“Prevailing wage is a mandated mechanism that pays workers on projects using any type of state funding, such as school construction, roads, etc., a minimum wage depending on the type of job performed, the nature of the project and the project’s location,” Representative Postles said. “The system is outdated, flawed and wasteful, usually paying wages well in excess of those paid in the private sector for the same work. While this should not be a partisan issue, it unfortunately is. Republican lawmakers have made numerous proposals for needed reforms but those efforts have been repeatedly rebuffed by the majority party. Given the current imbalance in the makeup of our state government, substantive changes will not be made any time in the foreseeable future.”

Representative Shupe used an example from his years as Mayor of Milford to explain how prevailing wage has a negative impact on municipalities and state agencies.

“As we developed a plan to rebuild Airport Road, a project long overdue, the Council bid the project to Diamond Materials and Davis, Bowen & Friedel which estimated the construction to cost $2.4 million. After the City scheduled a date to begin construction, we received a letter from DelDOT stating that since part of the project received CTF funds from our local legislators, the entire project would need to use prevailing wage formulas. With local contractors already selected for the project and no changes to the construction, the project would have cost the City an additional $300,000 to be in compliance with the state mandate.”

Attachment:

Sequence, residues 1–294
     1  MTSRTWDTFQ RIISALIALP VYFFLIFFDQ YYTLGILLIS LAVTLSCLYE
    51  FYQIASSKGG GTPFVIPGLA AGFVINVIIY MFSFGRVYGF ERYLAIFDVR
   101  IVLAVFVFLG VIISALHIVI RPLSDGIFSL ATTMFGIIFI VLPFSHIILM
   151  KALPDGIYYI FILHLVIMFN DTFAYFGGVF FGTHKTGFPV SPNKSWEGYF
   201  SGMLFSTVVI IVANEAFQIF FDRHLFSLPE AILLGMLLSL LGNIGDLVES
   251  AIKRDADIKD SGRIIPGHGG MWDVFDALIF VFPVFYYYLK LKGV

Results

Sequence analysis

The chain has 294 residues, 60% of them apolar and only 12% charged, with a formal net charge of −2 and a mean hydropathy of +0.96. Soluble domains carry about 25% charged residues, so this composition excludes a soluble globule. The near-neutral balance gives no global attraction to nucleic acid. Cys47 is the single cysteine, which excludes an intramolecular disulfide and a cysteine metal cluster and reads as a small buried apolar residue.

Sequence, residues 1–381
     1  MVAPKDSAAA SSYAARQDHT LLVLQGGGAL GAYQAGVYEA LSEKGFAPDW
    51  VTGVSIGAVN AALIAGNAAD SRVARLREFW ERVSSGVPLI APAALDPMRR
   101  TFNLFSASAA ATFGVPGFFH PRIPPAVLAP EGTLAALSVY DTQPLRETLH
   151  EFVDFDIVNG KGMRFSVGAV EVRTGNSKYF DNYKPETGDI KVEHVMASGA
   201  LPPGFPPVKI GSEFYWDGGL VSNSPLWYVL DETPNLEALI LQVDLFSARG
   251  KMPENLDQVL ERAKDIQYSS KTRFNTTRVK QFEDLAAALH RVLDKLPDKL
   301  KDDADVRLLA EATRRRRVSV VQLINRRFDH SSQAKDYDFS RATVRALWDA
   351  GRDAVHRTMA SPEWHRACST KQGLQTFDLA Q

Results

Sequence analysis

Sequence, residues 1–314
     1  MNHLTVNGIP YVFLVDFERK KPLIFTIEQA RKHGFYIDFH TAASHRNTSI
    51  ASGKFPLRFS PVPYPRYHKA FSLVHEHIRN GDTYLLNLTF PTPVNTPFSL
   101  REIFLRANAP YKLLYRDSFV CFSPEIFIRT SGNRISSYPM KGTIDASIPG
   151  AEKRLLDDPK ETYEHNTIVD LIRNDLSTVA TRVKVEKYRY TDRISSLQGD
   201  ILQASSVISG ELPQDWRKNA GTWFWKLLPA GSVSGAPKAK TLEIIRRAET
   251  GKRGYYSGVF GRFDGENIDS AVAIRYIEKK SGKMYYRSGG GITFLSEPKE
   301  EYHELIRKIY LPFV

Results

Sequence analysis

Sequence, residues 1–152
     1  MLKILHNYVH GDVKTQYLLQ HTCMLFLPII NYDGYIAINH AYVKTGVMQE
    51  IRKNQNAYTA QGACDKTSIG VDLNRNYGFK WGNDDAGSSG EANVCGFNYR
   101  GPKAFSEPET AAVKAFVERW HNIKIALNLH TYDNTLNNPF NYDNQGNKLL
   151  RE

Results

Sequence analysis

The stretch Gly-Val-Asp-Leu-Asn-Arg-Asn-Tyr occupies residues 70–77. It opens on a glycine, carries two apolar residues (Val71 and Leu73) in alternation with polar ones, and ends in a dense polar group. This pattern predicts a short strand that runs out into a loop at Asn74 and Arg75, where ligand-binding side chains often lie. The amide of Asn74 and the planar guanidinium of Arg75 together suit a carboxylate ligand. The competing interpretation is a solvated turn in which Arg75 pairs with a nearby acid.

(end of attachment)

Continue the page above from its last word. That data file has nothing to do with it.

Representative Shupe explained that local legislators at the time moved a bill through the General Assembly that exempted CTF funds from prevailing wage. However, Representative Shupe pointed out that, had the legislators not done that, the increase could have led to hire taxes for Milford residents to pay the same people to do the same work. He explained that the prevailing wage is mandated for all school construction and state roads. As several studies have found that prevailing wage can add between 20 and 25 percent to every project, Representative Shupe would like to see a third party analyze the current prevailing wage statute in Delaware to make a recommendation to the General Assembly.